I liked the wines of the Scholium Project the first time I had them. While the landscape of California (as translated through grape and wine) is so often a full-throttle world of nearly overwhelming power, the wines of Abe Schoener's Scholium Project combine a tactile (and yes, ripe) intensity with a mysterious complexity that gives the wines a most unique, and most singular, profile.
A Jeroboam of 2004 Scholium Project Babylon is poured.
I also liked Abe Schoener the first time I met him; there is an honest rigor to the way he works and thinks - which is, I suppose, to be expected as Abe is a former professor of Greek Philosophy. In fact, I believe the wines of the Scholium Project really do embody the notion of "winemaking as thinking." I wrote an essay all about this idea - a meandering and philosophical treatise that undeniably flirts with the ridiculous, as well as hopefully with a touch or two of the sublime.
In any event, it was with great pleasure to host Abe and some press, friends and fans of the Scholium Project (collectors of the Scholium Project wines are a passionate group of people) for a great dinner at the Stanton Social, in New York City's lower east side.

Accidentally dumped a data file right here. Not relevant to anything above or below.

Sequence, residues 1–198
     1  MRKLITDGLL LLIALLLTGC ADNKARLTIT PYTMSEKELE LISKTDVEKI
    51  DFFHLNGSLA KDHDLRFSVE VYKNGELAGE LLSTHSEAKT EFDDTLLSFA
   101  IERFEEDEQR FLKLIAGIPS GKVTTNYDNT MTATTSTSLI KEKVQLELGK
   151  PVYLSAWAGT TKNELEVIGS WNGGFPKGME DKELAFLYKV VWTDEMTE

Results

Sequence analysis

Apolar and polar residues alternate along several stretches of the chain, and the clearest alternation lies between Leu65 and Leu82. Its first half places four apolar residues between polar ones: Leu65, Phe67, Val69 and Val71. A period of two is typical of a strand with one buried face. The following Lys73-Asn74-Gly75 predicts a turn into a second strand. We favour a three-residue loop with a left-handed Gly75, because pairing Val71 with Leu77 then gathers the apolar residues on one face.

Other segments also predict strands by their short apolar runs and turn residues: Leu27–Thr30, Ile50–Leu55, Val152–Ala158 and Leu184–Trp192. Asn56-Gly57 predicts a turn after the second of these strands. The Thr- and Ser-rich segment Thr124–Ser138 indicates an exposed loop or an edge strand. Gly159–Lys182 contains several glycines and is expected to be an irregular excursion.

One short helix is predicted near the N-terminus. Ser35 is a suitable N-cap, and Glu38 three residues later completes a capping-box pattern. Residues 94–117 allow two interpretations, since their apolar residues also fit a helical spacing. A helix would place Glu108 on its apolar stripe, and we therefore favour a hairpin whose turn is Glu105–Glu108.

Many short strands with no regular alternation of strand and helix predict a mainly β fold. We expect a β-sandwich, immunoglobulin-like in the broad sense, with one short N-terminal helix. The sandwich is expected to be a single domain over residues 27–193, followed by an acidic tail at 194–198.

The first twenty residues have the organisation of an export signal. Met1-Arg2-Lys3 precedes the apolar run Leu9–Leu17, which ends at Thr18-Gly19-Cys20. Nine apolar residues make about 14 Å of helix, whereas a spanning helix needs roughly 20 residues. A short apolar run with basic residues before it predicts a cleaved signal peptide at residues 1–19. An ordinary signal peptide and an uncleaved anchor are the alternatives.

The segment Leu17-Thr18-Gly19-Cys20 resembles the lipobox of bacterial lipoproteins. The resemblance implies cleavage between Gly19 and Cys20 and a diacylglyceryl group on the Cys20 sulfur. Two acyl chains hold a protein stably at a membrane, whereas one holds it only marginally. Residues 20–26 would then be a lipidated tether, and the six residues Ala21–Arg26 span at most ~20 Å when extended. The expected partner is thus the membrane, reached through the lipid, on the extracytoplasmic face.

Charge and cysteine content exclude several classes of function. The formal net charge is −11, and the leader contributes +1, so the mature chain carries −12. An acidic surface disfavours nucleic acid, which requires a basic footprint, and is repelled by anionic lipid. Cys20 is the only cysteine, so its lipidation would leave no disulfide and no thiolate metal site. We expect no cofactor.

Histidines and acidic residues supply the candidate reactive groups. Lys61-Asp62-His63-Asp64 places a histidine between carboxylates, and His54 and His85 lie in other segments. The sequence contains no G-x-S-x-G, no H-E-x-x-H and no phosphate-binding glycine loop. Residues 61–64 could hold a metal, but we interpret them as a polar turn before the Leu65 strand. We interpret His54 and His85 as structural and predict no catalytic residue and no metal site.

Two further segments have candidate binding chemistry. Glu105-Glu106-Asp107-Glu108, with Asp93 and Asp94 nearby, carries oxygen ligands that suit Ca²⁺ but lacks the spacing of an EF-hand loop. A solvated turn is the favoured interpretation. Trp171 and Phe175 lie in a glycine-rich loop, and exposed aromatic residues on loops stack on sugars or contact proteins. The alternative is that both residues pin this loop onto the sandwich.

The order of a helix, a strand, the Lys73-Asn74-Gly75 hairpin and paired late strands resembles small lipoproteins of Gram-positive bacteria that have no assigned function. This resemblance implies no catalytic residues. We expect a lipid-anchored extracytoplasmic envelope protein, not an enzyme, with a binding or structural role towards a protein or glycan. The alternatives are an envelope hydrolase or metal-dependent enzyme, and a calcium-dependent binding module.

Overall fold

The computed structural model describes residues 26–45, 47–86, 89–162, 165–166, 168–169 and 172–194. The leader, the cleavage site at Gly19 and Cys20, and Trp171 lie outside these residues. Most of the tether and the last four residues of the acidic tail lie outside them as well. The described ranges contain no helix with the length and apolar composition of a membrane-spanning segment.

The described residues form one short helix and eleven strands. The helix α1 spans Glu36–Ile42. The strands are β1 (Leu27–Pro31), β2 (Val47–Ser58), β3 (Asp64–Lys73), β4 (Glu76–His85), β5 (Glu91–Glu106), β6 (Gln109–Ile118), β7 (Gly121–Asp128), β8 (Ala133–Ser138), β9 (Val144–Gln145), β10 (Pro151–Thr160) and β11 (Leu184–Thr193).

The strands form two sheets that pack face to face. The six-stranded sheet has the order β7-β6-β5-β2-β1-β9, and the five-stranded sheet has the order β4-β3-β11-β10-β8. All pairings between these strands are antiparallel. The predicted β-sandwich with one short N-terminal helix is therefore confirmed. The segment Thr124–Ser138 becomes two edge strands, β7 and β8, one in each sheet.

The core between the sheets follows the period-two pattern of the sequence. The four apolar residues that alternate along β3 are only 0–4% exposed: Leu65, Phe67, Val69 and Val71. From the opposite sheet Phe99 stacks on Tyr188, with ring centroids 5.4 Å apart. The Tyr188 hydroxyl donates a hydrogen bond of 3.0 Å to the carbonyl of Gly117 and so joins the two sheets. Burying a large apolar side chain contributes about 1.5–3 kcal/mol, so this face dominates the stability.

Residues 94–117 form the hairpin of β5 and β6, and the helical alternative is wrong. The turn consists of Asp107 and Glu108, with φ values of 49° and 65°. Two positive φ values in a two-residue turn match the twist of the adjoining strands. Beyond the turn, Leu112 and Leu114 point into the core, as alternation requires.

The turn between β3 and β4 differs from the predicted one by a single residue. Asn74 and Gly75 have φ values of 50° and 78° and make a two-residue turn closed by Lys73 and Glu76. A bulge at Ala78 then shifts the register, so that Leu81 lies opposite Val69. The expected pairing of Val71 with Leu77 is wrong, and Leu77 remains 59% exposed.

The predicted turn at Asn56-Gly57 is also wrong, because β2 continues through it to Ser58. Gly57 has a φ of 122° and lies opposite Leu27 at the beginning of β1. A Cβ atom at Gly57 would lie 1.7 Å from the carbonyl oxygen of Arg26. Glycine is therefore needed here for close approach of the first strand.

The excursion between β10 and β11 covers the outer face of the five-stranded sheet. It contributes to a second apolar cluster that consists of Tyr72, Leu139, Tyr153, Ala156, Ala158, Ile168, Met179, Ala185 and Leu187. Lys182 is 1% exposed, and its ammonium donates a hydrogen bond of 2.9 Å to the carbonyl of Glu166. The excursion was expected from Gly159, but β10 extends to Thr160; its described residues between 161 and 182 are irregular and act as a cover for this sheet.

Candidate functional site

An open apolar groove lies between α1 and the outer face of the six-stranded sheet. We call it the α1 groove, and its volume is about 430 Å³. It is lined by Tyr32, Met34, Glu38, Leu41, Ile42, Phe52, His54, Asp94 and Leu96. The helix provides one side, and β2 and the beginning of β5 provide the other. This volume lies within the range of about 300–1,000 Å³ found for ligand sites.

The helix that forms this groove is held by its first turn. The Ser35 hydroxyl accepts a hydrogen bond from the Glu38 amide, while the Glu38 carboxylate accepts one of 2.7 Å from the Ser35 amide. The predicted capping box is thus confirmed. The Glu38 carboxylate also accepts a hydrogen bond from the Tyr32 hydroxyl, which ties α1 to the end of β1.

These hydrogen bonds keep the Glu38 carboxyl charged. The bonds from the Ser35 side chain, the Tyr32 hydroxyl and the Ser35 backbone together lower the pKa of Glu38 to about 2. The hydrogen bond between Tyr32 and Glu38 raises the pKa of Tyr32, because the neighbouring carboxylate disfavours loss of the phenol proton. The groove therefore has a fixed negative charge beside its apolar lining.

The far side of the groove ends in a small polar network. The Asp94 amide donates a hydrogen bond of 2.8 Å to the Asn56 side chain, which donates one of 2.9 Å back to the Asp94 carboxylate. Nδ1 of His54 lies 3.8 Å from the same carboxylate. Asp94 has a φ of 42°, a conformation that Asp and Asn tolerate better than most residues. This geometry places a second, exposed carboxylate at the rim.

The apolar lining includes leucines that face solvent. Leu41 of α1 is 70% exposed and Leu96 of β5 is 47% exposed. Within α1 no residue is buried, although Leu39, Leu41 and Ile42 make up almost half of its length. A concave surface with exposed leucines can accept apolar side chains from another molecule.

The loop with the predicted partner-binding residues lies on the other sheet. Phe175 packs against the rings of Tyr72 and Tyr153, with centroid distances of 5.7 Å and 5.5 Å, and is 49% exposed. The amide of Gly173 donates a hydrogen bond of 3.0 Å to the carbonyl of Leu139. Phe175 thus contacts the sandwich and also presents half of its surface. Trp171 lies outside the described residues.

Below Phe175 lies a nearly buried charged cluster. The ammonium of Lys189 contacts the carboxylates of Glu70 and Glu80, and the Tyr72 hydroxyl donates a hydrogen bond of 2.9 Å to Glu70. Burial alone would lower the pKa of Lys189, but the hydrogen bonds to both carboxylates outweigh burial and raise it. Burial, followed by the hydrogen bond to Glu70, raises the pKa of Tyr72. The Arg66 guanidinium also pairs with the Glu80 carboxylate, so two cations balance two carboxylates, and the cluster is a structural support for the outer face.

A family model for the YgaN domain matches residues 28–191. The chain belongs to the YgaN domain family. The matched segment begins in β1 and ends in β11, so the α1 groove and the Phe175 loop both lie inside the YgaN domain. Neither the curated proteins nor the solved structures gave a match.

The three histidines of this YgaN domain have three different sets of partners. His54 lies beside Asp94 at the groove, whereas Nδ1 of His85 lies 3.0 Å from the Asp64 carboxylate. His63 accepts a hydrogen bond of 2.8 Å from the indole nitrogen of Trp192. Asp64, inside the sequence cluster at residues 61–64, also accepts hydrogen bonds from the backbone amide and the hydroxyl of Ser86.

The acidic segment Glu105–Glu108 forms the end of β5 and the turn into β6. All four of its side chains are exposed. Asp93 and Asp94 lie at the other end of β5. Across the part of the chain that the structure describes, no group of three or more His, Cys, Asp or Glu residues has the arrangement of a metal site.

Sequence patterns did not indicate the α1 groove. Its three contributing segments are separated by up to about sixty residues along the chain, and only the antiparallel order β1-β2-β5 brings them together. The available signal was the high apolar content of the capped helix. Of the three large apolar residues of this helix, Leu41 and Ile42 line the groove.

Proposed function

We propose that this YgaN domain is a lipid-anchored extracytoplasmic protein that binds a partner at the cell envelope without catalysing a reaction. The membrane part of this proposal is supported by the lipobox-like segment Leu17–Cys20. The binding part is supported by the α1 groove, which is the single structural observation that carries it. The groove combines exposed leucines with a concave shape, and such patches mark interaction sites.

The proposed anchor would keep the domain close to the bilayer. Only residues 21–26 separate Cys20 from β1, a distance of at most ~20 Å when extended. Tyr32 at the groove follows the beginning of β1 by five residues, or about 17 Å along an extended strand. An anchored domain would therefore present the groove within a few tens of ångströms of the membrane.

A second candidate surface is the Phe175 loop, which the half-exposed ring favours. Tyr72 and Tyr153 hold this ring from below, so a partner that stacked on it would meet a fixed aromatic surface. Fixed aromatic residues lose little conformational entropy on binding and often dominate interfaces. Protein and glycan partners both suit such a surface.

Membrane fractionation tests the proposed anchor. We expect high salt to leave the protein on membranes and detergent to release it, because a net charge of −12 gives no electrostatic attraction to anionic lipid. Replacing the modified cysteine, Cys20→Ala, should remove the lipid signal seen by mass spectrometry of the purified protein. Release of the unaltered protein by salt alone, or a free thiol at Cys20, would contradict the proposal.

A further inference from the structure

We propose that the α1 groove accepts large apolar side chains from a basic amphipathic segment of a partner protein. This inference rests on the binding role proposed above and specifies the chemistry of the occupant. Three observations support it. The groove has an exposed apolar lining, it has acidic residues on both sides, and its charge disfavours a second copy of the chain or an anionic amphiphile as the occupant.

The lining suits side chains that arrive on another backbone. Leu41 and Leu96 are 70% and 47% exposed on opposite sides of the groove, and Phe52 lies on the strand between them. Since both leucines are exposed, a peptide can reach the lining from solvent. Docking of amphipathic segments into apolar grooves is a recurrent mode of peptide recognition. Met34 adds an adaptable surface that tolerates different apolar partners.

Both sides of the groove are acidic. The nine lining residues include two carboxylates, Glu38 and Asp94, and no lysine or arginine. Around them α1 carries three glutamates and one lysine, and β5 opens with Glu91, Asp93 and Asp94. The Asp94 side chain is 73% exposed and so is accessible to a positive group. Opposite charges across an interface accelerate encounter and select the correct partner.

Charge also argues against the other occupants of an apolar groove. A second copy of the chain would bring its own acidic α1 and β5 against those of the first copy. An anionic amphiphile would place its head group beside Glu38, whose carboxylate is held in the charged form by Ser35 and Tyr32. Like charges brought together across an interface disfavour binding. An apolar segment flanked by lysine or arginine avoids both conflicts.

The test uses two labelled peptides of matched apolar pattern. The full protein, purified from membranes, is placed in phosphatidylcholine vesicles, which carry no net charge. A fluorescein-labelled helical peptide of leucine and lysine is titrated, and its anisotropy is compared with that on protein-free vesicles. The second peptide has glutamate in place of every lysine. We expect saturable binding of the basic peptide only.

The lineup involved a number of new releases as well as a bevy of back-vintage goodies brought from California by the man himself, Abe Schoener...
Round 1: 2007 Naucratis
This is a tank fermented Verdelho from the Lost Slough vineyard way down in the Sacramento Delta! I've never been there but Abe tells me this is a lazy, hazy place and the Lost Slough vineyard is a wiley arena full of funny strangers - Verdelho and Arneis and Orange Muscat. The vineyard is actually about five yards below sea level and the fruit it produces is ripe and round. You can taste it in the wine. The Naucratis is unabashedly fun - mouthfilling juice with big plump corners, ripe joyous notes and a graceful slide across the palate that makes one slurp easily fade into another slurp, and so on. Happy wine - the 2007 will be available sometime soon.
Round 2: 2006 La Severita di Bruto